In management's opinion, there is no pending litigation, dispute or claim, other than those described in this report, which could be expected to have a material adverse effect on the Company's financial condition, results of operations or liquidity. 

9. RELATED PARTY TRANSACTIONS  

Payables to Thermo and other affiliates related to normal purchase transactions were $0.2 million and $0.6 million at each of September 30, 2016 and December 31, 2015, respectively. 

Transactions with Thermo 

Expenses incurred by Thermo on behalf of the Company, including non-cash expenses and those expenses charged to the Company, were $0.2 million and $0.4 million during the three months ended September 30, 2016 and 2015, respectively and were $0.5 million and $0.7 million during the nine months ended September 30, 2016 and 2015, respectively. Non-cash expenses, which the Company accounts for as a contribution to capital, relate to services provided by two executive officers of Thermo (who are also directors of the Company and receive no cash compensation from the Company). The Thermo expense charges are based on actual amounts (with no mark-up) incurred or upon allocated employee time. 

As of September 30, 2016, the principal amount outstanding under the Loan Agreement with Thermo was $91.1 million, and the fair value of the compound embedded derivative liability associated with the Loan Agreement was $170.7 million. During the three months ended September 30, 2016 and 2015, interest accrued on the Loan Agreement was approximately $2.7 million and $2.4 million, respectively. During the nine months ended September 30, 2016 and 2015, interest accrued on the Loan Agreement was approximately $7.9 million and $6.6 million, respectively. In addition, as of September 30, 2016, warrants to purchase approximately 24.6 million shares issued under the Contingent Equity Agreement remain outstanding, all of which are held by Thermo and are scheduled to expire in June 2017. In June 2016, Thermo exercised warrants to purchase 5.6 million and 8.0 million shares of voting common stock related to the Contingent Equity Agreement and the Company's 5.0% Warrants, respectively. As a result of these warrant exercises, the Company received aggregate proceeds of $2.6 million in June 2016.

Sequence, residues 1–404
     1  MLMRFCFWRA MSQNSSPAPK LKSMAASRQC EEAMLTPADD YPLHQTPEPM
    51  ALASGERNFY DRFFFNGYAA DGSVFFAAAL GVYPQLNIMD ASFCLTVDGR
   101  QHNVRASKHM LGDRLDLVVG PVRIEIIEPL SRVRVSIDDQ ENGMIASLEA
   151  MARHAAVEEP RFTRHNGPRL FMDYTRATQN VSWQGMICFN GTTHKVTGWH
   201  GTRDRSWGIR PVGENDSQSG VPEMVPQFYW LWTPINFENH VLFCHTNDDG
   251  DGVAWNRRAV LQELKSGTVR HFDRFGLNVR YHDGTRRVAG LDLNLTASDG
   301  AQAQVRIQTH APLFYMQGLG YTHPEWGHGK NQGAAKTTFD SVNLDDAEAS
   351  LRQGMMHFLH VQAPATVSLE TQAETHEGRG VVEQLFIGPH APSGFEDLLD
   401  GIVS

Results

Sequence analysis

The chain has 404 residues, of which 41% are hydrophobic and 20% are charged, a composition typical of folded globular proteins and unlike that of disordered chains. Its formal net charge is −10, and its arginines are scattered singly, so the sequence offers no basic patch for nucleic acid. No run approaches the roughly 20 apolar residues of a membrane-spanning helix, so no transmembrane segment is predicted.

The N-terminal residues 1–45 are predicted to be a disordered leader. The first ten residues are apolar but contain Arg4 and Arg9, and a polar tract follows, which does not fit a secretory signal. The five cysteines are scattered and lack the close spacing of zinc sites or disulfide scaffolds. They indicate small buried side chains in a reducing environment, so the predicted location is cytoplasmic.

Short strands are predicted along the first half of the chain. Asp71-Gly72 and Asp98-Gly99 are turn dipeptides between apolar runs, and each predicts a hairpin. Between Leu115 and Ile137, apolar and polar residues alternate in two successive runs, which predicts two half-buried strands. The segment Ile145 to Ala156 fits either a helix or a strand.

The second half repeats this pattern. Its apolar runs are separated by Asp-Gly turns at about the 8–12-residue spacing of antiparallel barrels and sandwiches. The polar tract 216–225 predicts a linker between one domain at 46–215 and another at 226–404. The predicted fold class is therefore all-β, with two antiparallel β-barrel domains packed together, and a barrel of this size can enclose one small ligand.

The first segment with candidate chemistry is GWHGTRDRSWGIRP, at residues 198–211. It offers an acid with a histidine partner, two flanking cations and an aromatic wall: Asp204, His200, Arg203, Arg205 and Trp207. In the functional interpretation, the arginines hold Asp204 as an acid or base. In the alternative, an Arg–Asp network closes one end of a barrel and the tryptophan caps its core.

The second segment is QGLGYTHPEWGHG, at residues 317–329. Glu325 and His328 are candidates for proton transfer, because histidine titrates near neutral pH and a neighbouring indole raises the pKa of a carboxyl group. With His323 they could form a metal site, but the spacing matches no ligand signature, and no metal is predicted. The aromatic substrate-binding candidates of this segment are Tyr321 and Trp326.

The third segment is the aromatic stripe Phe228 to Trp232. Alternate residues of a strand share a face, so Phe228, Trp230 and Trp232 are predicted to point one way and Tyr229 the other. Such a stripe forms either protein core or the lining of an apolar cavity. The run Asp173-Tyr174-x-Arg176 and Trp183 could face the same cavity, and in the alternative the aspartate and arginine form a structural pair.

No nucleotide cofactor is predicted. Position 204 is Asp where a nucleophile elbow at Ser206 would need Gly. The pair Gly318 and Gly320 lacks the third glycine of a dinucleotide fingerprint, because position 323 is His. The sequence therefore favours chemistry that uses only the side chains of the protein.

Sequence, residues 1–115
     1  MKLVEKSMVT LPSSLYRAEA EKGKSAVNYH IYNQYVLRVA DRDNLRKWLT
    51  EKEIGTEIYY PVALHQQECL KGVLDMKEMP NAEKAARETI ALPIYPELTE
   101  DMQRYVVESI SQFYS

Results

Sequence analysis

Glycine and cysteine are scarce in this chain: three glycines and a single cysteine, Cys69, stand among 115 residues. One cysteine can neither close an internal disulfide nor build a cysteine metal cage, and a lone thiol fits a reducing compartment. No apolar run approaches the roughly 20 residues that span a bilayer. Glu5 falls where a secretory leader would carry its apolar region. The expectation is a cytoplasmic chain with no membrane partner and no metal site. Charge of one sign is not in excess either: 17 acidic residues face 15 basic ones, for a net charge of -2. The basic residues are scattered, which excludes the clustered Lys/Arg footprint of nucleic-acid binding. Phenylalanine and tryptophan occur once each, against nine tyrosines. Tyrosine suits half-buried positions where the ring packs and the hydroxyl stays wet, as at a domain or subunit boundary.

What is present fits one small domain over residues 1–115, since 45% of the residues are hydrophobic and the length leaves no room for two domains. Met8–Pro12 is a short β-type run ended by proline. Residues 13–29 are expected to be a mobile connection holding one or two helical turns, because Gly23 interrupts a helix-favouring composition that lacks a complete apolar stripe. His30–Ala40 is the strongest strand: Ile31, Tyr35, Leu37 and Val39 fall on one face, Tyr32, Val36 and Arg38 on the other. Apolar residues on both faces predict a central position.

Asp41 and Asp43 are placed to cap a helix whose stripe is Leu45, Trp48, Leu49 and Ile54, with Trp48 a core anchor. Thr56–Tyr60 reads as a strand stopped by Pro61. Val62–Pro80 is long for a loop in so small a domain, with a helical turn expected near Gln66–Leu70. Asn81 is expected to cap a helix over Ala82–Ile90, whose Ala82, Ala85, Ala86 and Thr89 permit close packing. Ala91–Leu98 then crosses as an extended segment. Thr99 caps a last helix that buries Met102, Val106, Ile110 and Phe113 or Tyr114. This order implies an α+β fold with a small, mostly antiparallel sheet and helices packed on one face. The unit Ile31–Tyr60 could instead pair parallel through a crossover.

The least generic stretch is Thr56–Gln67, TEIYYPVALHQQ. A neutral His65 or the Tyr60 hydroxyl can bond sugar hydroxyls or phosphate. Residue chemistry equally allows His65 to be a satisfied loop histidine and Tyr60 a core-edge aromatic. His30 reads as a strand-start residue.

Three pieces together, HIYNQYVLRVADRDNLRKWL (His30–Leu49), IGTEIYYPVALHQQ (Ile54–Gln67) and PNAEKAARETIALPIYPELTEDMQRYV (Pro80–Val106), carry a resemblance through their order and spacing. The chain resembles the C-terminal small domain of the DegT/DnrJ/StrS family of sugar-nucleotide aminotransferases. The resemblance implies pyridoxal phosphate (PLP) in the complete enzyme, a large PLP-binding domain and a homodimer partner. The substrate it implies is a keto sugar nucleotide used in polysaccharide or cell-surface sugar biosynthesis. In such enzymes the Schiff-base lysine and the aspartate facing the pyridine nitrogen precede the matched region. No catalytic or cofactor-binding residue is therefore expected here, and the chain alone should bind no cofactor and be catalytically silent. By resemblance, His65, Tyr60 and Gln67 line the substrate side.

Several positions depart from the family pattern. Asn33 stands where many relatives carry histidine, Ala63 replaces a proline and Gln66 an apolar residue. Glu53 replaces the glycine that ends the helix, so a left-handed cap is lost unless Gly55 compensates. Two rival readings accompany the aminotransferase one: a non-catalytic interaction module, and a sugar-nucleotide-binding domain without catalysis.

In August 2015, the Company entered into an Equity Agreement with Thermo. Thermo agreed to purchase up to $30.0 million in equity securities of the Company if the Company so requests or if an event of default is continuing under the Facility Agreement and funds are not available under the August 2015 Terrapin Agreement. The Company has received cash equity financing in excess of Thermo's equity commitment. This cash equity financing primarily includes draws under the August 2015 Terrapin Agreement in August 2015, February 2016, and June 2016 for $15.0 million, $6.5 million, and $22.0 million, respectively. As a result, Thermo had no remaining cash equity commitment under the Equity Agreement as of September 30, 2016.


19



The Facility Agreement requires Thermo to maintain minimum and maximum ownership levels in the Company's common stock. Thermo may convert shares of nonvoting common stock into shares of voting common stock as needed to comply with these ownership limitations.

See Note 3: Long-Term Debt and Other Financing Arrangements and Note 4: Derivatives for further discussion of the Company's debt and financing transactions with Thermo.

10. ACCUMULATED OTHER COMPREHENSIVE INCOME (LOSS) 

Accumulated other comprehensive income (loss) includes all changes in equity during a period from non-owner sources.

The components of accumulated other comprehensive income (loss) were as follows (in thousands): 
 
Three Months Ended September 30,
 
Nine Months Ended September 30,
 
2016
 
2015
 
2016
 
2015
Accumulated other comprehensive loss, beginning of period
$
(6,409
)
 
$
(3,741
)
 
$
(4,833
)
 
$
(2,898
)
Other comprehensive income (loss):
 

 
 

 
 

 
 

Foreign currency translation adjustments
84

 
(615
)
 
(1,492
)
 
(1,458
)
Accumulated other comprehensive loss, end of period
$
(6,325
)
 
$
(4,356
)
 
$
(6,325
)
 
$
(4,356
)
 
No amounts were reclassified out of accumulated other comprehensive loss for the periods shown above.

11.  GEOGRAPHIC INFORMATION
 
The Company attributes subscriber equipment sales to various countries based on the location where equipment is sold. Service revenue is generally attributed to the various countries based on the Globalstar entity that holds the customer contract. Property and equipment is attributed to the various countries based on the physical location of the asset at the end of a given period, except for the Company's satellites that are included in the property and equipment of the United States. The Company’s information by geographic area is as follows (in thousands):
 
 
Three Months Ended September 30,
 
Nine Months Ended September 30,
 
2016
 
2015
 
2016
 
2015
Revenues:
 
 
 
 
 

 
 

Service revenue:
 
 
 
 
 

 
 

United States
$
14,703

 
$
13,506

 
$
42,379

 
$
37,689

Canada
4,512

 
3,863

 
11,822

 
11,067

Europe
1,785

 
1,634

 
5,048

 
4,377

Central and South America
824

 
486

 
2,012

 
1,788

Others
128

 
155

 
410

 
446